Comparing across wheel size is only useful because wheel size, cut capacity and motor size are largely correlated. When you hit a saw like the Laguna that completely blows the correlated variables, it means you spend a lot of time comparing tools that aren't really very like each other. From a performance (and cost) perspective, the Laguna is in the same class with 22" and larger saws.
What would've been a lot more useful to me is to know - if I want a bandsaw that has a 10" - 12" resaw capcity, which one's best? I bet Laguna has a tool that fits in there somewhere, but I don't know how it compares to the competition, because it wasn't included in that review.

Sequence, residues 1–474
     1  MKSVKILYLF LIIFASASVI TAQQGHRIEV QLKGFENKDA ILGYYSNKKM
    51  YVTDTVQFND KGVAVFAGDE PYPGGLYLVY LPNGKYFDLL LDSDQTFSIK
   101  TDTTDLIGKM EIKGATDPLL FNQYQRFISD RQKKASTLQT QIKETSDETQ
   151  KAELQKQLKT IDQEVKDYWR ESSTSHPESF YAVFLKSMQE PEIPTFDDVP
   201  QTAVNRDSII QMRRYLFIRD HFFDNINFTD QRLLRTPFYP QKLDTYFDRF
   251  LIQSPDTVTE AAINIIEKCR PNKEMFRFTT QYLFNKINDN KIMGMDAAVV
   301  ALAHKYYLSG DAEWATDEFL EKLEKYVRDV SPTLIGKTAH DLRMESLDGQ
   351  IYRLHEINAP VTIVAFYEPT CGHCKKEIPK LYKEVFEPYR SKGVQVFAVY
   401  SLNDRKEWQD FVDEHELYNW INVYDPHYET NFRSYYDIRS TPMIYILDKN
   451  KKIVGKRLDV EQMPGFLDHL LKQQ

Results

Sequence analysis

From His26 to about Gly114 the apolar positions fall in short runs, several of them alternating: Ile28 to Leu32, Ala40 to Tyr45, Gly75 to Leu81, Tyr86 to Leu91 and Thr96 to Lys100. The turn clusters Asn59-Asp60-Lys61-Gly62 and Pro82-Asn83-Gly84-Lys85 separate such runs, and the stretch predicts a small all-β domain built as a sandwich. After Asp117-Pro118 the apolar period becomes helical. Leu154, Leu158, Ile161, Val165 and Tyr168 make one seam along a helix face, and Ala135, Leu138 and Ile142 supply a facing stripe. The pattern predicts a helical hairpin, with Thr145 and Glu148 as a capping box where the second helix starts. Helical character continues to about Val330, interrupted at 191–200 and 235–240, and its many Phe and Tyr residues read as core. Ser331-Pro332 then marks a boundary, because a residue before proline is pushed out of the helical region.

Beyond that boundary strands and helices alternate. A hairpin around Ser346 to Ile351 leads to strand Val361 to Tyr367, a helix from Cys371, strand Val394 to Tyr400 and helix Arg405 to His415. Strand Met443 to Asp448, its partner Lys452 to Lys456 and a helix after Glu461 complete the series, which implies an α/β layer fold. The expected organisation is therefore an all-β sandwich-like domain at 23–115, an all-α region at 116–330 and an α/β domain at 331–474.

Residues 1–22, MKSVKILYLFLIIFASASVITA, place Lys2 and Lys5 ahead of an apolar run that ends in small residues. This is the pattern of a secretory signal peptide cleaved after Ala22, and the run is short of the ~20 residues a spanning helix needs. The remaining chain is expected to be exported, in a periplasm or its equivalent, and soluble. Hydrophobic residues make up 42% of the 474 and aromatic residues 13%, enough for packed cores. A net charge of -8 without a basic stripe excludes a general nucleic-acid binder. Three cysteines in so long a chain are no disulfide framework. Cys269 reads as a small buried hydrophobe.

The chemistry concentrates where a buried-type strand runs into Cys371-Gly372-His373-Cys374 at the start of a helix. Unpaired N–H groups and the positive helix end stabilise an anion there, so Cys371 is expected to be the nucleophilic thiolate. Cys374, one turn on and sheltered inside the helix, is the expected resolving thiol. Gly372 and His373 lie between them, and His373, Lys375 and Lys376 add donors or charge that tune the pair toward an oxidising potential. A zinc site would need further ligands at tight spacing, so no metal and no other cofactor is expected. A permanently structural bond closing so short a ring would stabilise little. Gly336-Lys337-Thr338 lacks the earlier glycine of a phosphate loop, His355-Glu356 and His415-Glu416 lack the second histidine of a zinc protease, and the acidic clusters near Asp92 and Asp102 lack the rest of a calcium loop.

Unfortunately I also have no idea how much it costs or if it exists *at all* because Laguna has essentially no actual information about their products on their website, but that's a different complaint. ;)
-BAT
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Brett,
I read the article and thought the very same thing. Having bought a $1K band saw in the last year, I am pretty up to speed on what's out there up in the up to $2k range. Not only was it silly to include a $2900 machine, but it it sucked that machines that should have been compared were left out Minimax 16" products come to mind at the higher end. It would have been nice to see how the Griz/Wilke 17" machines fared at the lower end.
It would also be nice to see a side bar for product reviews that explain what would you could expect from the next class up of machine.
-Steve

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wrote: